January 25, 2014
Siblings ranging from eight to 15-years-old made their way out to the Carver Rec Center in Charlottesville for a day-long support program put on by the Charlottesville Parks and Recreation Department and the Virginia Institute of Autism (VIA).
“We spend a lot of time focusing services on the individual with the disability and we spend a lot of time training parents on how to interact and how to teach their children, but often the siblings get left out of the mix,” says Emily Callahan from VIA.
That’s what the support program is so important. During the program siblings got a chance to talk about how they were feeling with the help a few role play sessions.
“What are some issues or problems that come up with having a sibling with a disability and what are the strengths of their relationship with their siblings?” says Sarah Blech, Manager of Therapeutic Programs for parks and rec.
They were also asked questions like what activities they liked doing with their sibling and what they can do to help support their family when things get tough. But overall they learned that they were not alone.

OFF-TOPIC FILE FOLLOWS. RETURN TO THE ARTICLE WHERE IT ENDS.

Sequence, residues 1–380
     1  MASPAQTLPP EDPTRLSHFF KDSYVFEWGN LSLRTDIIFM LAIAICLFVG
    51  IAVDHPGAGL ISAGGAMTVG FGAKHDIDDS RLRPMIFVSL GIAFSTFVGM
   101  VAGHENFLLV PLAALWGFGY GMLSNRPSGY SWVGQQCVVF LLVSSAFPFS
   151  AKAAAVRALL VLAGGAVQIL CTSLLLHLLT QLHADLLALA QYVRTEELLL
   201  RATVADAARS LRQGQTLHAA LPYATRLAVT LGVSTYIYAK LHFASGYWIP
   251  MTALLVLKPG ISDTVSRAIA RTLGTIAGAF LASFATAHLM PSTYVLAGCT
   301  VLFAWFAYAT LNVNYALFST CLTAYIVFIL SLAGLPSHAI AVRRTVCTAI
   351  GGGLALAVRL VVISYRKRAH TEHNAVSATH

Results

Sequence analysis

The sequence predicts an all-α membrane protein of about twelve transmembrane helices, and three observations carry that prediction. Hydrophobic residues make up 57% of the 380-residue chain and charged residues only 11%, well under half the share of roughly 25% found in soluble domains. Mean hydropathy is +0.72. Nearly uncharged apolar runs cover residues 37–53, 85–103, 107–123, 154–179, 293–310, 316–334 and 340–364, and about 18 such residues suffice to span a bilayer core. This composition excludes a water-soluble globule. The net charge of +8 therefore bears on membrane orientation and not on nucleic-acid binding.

“I'm not the only person that has to go through the things that I go through,” says Sammy Betker. She has an older sister with a disability.
Maggie Morris has two brothers who have been diagnosed with autism autism. Coming to a program like this allows them to meet other people who understand their struggles at home.
“I've been learning some new tips about how when they freak out, how to keep them under control and some good ideas to hang out with them that don't cause stress,” says Morris. “It's a great opportunity for kids who share their feelings about brothers and sisters who have disabilities and get to know people who have the same problems.”
For more information on the Charlottesville Parks & Recreation Therapeutics or VIA click on the links under the photo.
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